John Augustine Collins

Vice-Admiral Sir John Augustine Collins, KBE, CB (7 January 1899 – 3 September 1989) was a Royal Australian Navy (RAN) officer who served in both World Wars, and who eventually rose to become a vice admiral and Chief of Naval Staff. Collins was one of the first graduates of the Royal Australian Naval College to attain flag rank. During the Second World War, he commanded the cruiser HMAS Sydney in the Mediterranean campaign. He led the Australian Naval Squadron in the Pacific theatre and was wounded in the first recorded kamikaze attack, in 1944.

Sir John Augustine Collins
John Collins 28AWM P00444 093 29.jpg
Captain John Collins in 1943
Born(1899-01-07)7 January 1899
Deloraine, Tasmania
Died3 September 1989(1989-09-03) (aged 90)
Sydney, New South Wales
Service/branchRoyal Australian Navy
Years of service1913–1955
Commands heldChief of Naval Staff (1948–55)
HM Australian Squadron (1944, 1945–46)
Task Force 74 (1944–45)
HMAS Shropshire (1943–44)
China Force (1942)
HMAS Sydney (1935–37, 1939–41)
Battles/warsFirst World War
Second World War
AwardsKnight Commander of the Order of the British Empire
Companion of the Order of the Bath
Mentioned in Despatches
Commander of the Order of Orange-Nassau (Netherlands)
Officer of the Legion of Merit (United States)
Other workHigh Commissioner to New Zealand (1956–62)

Early life and educationEdit

John Augustine Collins was born in Deloraine, Tasmania, in 1899.[1] In 1913, at age 14, Collins joined the first intake to the RAN College.[1] He became a midshipman in January 1917, in time to see war service while attached to the Royal Navy.[1]

Second World WarEdit

In the early Second World War, Collins commanded HMAS Sydney in the Battle of the Mediterranean.[1] Sydney led Allied ships which sank an Italian cruiser, Bartolomeo Colleoni, in the Battle of Cape Spada, in July 1940. For this action he was appointed a Companion of the Order of the Bath.[2]

Relations between the RAN and British Royal Navy were close at the time, with frequent exchanges of officers between the two and in June 1941, Collins was transferred to Singapore, as Assistant Chief of Staff to the British Naval Commander in Chief, China Station, Vice Admiral Geoffrey Layton.[1]

Following the outbreak of war with Japan, Collins was appointed Commodore Commanding China Force, the RN-RAN cruiser and destroyer force based in Batavia, Dutch East Indies, under the American-British-Dutch-Australian Command.[1]

Members of the Australian Mission Group at the Japanese surrender talks. Left to right: Commodore John Collins; Lieutenant General Frank Berryman; Captain Roy Dowling; Air Commodore Raymond Brownell.

After the fall of Singapore and the Allied defeat in the Battle of the Java Sea, it became clear that the Dutch East Indies would be occupied by Japan. Collins organised the evacuation of Allied civilians and military personnel from Batavia, and was on one of the last ships to leave, before the city fell, in March 1942.[1] As a result, he was Mentioned in Despatches,[3] and was later made a Commander of the Dutch Order of Orange-Nassau.[4]

Collins was then appointed Senior Naval Officer, Western Australia, based at Fremantle.[1]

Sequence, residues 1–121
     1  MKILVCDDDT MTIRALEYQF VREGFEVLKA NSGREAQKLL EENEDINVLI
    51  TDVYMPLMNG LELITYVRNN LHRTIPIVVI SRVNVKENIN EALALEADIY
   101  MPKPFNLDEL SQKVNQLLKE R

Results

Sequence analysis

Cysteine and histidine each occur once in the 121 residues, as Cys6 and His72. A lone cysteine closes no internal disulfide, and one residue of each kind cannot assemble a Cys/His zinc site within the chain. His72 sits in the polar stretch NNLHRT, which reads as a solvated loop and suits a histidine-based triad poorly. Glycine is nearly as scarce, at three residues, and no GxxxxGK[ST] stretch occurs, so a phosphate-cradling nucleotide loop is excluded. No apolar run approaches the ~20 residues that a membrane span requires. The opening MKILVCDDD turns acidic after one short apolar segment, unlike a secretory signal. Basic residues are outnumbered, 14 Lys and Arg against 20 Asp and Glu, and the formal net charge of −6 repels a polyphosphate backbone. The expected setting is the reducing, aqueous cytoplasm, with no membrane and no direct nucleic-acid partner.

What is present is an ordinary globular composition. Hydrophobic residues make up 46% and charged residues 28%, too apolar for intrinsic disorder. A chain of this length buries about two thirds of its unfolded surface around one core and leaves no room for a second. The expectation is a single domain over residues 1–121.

During 1943, Collins commanded HMAS Shropshire and took part in the Bougainville campaign, the Battle of Cape Gloucester, and operations off the Admiralty Islands and Hollandia (Dutch New Guinea).[1]

In mid-1944, Collins was made commander of the Australian-US Navy Task Force 74, and commander of the Australian Naval Squadron, with HMAS Australia as his flagship. He became the first graduate of the RAN College to command a naval squadron in action, during the bombardment of Noemfoor, on 2 July 1944.

Collins was badly wounded in the first kamikaze attack in history, which hit Australia on 21 October 1944, in the lead up to the Battle of Leyte Gulf.[1] He did not resume his command until July 1945. When the war ended Collins was the RAN's representative at the surrender ceremony in Tokyo Bay.[1]

Post-war service and legacyEdit

Collins was appointed Chief of Naval Staff in 1948, succeeding Sir Louis Keppel Hamilton, and held the position until 1955. He was knighted as a Knight Commander of the Order of the British Empire in the 1951 New Year Honours.[5] He later served as Australia's High Commissioner to New Zealand (1956–62).[1]

The latest class of Australian submarine, the Collins class bears his name. The lead submarine, HMAS Collins, was launched by his widow on 28 August 1993. Collins Road, a street in the Sydney suburb of St Ives and in the town of Narooma was also named in his honour.[6]


  1. ^ a b c d e f g h i j k l "Vice Admiral Sir John Augustine Collins". Royal Australian Navy.
  2. ^ "No. 34907". The London Gazette (Supplement). 26 July 1940. p. 4653.
  3. ^ "No. 35823". The London Gazette (Supplement). 11 December 1942. p. 5461.
  4. ^ L, Klemen (1999–2000). "Commodore John Augustine Collins". Forgotten Campaign: The Dutch East Indies Campaign 1941–1942.
  5. ^ "No. 39105". The London Gazette (Supplement). 29 December 1950. p. 35.
  6. ^ Australia's Argonauts: The remarkable story of the first class to enter the Royal Australian Naval College, Echo Books, Canberra, 2016, p.580

External linksEdit

Military offices
Preceded by
Admiral Sir Louis Hamilton
First Naval Member & Chief of Staff
Succeeded by
Vice Admiral Sir Roy Dowling
Preceded by
Commodore Harold Farncomb
Rear Admiral Commanding HM Australian Squadron
Succeeded by
Rear Admiral Harold Farncomb
Preceded by
Rear Admiral Victor Crutchley
Rear Admiral Commanding HM Australian Squadron
June – October 1944
Succeeded by
Captain Charles Nichols
Diplomatic posts
Preceded by
Peter Heydon
Australian High Commissioner to New Zealand
Succeeded by
Donald Alastair Cameron